I’ve been meaning to say a few things about the recent The New Yorker article, “Show or Tell: Should Creative Writing Be Taught,” which you can find here.
A couple of things, and this is by no means comprehensive. There seems to be a prevalent assumption that if a person decides to go the MFA route, then that is the only thing s/he does to carve a path to poetdom or authordom, and then, as a result of choosing the MFA path, rewards are immediately heaped upon the author’s plate in the form of tenure track positions and book contracts.
But think of all of the MFA’ers you know who go various routes, who actually form communities and take creative workshops elsewhere, outside of the academic setting, whether it’s a writers’ group which meets in members’ homes, or in community based arts group workshops.
This article is good at pointing out the genealogies, who begat whom, who taught whom, who studied under whom, in MFA programs. But exploring genealogies does not tell us much about the writers’ actual communities outside of those dreaded MFA workshops. As in my previous paragraph, communities of writers form in many places, and the MFA program is only one of these places. There is the question of how these writers’ communities are maintained, and while the set time of the MFA program guarantees that generally the same people will be reading your work for a certain amount of time, I don’t know if that suffices to maintain a writers’ community. For myself, I know that I don’t really talk to many folks at with whom I endured workshop, much less ask them to read my current work in progress.
We begin our development and our education as writers long before applying to and attending MFA programs. We continue our development and education as writers long after graduating from MFA programs. If we choose to believe the MFA is the alpha and omega of our education as writers, then that’s unfortunate.
So I am thinking then, that being affiliated with a MFA program seems to be what conventionally determines whether we are on the “inside” or the “outside” of the American literary industry. As this article states, the academic institution does indeed supply itself with writers whose literature is then taught to the next generation of students (MFA and otherwise) and potential authors. But not all writers and authors affiliated with academic institutions find their affiliations to be with Creative Writing MFA programs, and even English Literature programs. Authors come from everywhere within the academic institution, spread across disciplines even falling outside of humanities, cultural studies, social sciences.
Moreover, there are writers and authors who bypass attending academic institutions (i.e. do not attend a college or university; I am not sure if I’d classify someone who’s attended but did not earn a degree as having altogether bypassed the academic institution, but I could be wrong), for whatever their reasons. I say this just to articulate the point that not every writer attends college. That’s just a fact. By no means should this be a reason to marginalize and other said writers, when it should always be about the work itself.
One way of othering writers not affiliated with MFA programs is to label them as “outsider poets.” Right now, I am thinking of Steven Schroeder’s review of two books by Richard Vargas, which you can find in the recent installment of the Latino Poetry Review here. Schroeder has labeled Vargas an “outsider poet,” for his referencing and echoing Charles Bukowski, and as he “ignore[s] or disdain[s] many formal techniques of contemporary verse.” There is also the subject matter of Vargas’s poems: “slice-of-life snapshots of the down-and-out, big-picture social and political discourses/rants, and joke-poems, many about bodily functions and sex.”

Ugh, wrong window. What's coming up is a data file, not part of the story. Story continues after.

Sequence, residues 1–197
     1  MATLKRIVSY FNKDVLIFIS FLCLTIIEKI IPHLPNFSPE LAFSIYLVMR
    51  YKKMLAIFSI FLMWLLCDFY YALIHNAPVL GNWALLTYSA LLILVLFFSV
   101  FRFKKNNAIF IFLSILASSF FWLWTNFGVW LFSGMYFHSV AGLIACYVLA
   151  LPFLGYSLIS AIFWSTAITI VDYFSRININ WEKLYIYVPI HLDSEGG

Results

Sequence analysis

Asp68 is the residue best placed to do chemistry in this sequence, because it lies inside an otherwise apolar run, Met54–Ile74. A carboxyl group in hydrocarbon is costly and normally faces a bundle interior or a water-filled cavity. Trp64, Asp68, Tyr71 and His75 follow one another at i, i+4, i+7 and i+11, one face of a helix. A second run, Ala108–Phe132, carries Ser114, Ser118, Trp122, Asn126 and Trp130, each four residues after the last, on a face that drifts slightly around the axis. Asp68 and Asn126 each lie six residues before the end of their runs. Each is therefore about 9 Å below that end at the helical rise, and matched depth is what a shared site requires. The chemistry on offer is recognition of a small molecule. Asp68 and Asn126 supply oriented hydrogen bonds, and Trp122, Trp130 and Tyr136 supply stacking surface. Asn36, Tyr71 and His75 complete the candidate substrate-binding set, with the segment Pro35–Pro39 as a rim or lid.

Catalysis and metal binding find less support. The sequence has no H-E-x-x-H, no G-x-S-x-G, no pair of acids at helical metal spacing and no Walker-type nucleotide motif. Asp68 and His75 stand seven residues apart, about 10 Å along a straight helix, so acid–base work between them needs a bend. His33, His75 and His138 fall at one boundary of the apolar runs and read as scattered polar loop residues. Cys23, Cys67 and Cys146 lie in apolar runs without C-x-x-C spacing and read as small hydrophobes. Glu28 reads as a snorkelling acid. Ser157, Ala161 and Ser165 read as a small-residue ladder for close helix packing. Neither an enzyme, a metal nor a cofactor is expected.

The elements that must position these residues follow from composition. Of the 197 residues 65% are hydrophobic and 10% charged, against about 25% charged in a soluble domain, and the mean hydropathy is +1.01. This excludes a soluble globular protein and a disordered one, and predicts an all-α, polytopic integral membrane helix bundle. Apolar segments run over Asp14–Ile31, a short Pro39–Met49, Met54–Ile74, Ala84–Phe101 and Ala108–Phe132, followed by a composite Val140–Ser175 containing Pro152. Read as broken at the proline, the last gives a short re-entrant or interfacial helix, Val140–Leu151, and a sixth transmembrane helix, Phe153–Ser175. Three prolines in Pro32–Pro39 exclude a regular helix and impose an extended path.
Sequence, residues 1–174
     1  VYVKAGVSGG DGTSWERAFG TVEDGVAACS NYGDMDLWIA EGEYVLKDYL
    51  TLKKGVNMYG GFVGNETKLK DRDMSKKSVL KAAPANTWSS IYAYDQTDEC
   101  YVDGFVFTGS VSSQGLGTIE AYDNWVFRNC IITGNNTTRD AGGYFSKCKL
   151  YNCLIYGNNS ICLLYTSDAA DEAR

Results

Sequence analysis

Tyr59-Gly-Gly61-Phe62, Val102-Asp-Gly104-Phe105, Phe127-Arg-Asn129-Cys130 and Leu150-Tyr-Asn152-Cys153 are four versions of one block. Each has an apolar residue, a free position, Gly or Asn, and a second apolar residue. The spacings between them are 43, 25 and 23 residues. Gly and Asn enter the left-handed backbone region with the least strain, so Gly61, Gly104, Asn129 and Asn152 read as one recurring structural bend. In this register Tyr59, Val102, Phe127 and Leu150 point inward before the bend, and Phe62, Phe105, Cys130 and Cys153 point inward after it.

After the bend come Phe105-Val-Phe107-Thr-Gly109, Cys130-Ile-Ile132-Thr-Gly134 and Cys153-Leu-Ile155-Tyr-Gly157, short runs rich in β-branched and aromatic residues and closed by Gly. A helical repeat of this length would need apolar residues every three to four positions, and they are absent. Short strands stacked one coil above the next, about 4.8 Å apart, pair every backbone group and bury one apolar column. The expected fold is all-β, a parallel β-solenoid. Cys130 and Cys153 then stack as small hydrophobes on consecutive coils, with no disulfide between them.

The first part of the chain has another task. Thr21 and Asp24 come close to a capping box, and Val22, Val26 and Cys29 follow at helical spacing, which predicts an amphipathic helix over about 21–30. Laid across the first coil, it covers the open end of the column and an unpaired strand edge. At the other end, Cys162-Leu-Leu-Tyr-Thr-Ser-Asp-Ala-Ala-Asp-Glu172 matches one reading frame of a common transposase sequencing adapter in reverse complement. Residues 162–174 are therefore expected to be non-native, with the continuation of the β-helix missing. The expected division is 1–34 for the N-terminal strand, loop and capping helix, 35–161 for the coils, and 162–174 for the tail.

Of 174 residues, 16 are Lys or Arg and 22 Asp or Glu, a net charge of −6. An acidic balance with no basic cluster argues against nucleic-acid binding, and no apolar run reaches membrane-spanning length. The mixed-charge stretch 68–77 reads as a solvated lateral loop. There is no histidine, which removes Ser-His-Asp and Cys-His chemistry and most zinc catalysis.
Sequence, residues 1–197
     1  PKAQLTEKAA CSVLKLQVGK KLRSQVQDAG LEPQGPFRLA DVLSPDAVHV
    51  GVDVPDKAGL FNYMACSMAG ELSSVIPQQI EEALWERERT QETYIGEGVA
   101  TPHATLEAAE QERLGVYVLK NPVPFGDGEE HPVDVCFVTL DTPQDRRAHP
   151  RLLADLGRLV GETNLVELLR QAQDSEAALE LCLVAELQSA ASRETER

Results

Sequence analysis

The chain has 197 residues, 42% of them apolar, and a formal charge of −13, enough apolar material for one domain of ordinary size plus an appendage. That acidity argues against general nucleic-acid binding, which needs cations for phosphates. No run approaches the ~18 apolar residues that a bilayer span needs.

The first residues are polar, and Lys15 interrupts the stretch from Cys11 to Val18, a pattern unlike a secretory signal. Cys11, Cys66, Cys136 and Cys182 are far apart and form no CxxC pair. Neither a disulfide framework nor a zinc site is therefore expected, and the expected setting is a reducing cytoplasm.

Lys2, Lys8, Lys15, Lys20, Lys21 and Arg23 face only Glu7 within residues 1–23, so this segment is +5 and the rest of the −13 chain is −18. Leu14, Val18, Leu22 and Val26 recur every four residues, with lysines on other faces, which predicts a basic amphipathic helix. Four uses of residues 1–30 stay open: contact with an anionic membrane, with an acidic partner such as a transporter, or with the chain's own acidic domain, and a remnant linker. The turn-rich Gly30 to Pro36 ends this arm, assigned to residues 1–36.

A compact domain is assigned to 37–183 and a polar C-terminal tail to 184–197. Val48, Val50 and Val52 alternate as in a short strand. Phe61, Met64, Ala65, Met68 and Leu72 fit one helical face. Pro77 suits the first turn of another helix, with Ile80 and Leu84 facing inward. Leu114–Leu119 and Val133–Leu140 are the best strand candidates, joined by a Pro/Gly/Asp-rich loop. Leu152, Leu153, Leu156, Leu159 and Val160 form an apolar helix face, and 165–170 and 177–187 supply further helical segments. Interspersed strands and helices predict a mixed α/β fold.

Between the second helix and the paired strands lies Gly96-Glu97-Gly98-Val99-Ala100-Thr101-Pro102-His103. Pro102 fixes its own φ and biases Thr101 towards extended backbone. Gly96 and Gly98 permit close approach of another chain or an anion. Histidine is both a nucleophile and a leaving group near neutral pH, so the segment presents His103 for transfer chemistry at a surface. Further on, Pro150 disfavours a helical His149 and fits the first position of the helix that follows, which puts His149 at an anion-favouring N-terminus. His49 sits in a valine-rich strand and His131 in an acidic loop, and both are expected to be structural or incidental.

I haven’t read Vargas’s work, so this is not a review of Schroeder’s review. As for Schroeder’s observation of Vargas’s sloppy line breaks, inconsistent capitalizations, and general flatness, I too key in on things like this is a poet’s work. I too think of ways in which cliche, abstraction, or overgeneralization can be made more interesting, concrete, specific. That is, I too “workshop” poems which I read in published collections, think of how these poems can be made more effective. So I have no complaint here, except to say there is no shortage of this kind of cliche, sloppy, and flattened work in MFA programs.
I am wondering about Schroeder’s assessment of Vargas as an “outsider artist,” an “outsider poet.” I’m really unclear on what an outsider artist or outsider poet is.
“Art Brut” is the opposite of “Fine Art,” and yet there are plenty of MFA’ed poets, and poets affiliated with academic institutions, who disdain formalism, who write raw and edgy political work, work which resists cultural indoctrination.
Outsider art is produced by self-taught artists (and how many poets are completely self-taught, that is, have never taken a writing workshop anywhere), and is disseminated outside of the conventional systems or mainstream industries, and we see that Vargas has been published by two independent publishers which don’t appear to me to exist outside of the system. Most American poets are published by independent presses, and hence, independent publishers are an integral part of the system. That is, they are “inside,” and so are their authors.
Perhaps “outsider artist” and “outsider poet” are more expansive and inclusive categories than simply not having a MFA, not teaching in a MFA program, and writing raw, edgy work, and perhaps we ought to use these terms more. Or perhaps these are just inaccurate although rigid terms which are used by poets who consider themselves to be on the “inside” to be dismissive of poets deemed by the “inside” not to belong.
Or perhaps we should just fuck this inside/outside thing altogether because it’s arbitrary and way too subjective to qualify.